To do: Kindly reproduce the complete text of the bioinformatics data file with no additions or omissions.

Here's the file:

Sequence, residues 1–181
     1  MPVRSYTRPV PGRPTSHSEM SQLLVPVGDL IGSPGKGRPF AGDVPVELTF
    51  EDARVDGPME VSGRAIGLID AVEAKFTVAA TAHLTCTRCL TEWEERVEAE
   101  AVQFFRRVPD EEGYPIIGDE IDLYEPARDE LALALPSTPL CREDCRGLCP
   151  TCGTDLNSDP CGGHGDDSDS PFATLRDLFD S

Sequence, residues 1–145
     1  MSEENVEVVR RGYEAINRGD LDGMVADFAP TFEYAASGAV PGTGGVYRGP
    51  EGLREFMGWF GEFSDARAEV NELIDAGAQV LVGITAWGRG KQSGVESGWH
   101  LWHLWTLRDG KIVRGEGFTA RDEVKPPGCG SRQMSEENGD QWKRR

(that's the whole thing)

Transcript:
Sequence, residues 1–181
     1  MPVRSYTRPV PGRPTSHSEM SQLLVPVGDL IGSPGKGRPF AGDVPVELTF
    51  EDARVDGPME VSGRAIGLID AVEAKFTVAA TAHLTCTRCL TEWEERVEAE
   101  AVQFFRRVPD EEGYPIIGDE IDLYEPARDE LALALPSTPL CREDCRGLCP
   151  TCGTDLNSDP CGGHGDDSDS PFATLRDLFD S

Sequence, residues 1–145
     1  MSEENVEVVR RGYEAINRGD LDGMVADFAP TFEYAASGAV PGTGGVYRGP
    51  EGLREFMGWF GEFSDARAEV NELIDAGAQV LVGITAWGRG KQSGVESGWH
   101  LWHLWTLRDG KIVRGEGFTA RDEVKPPGCG SRQMSEENGD QWKRR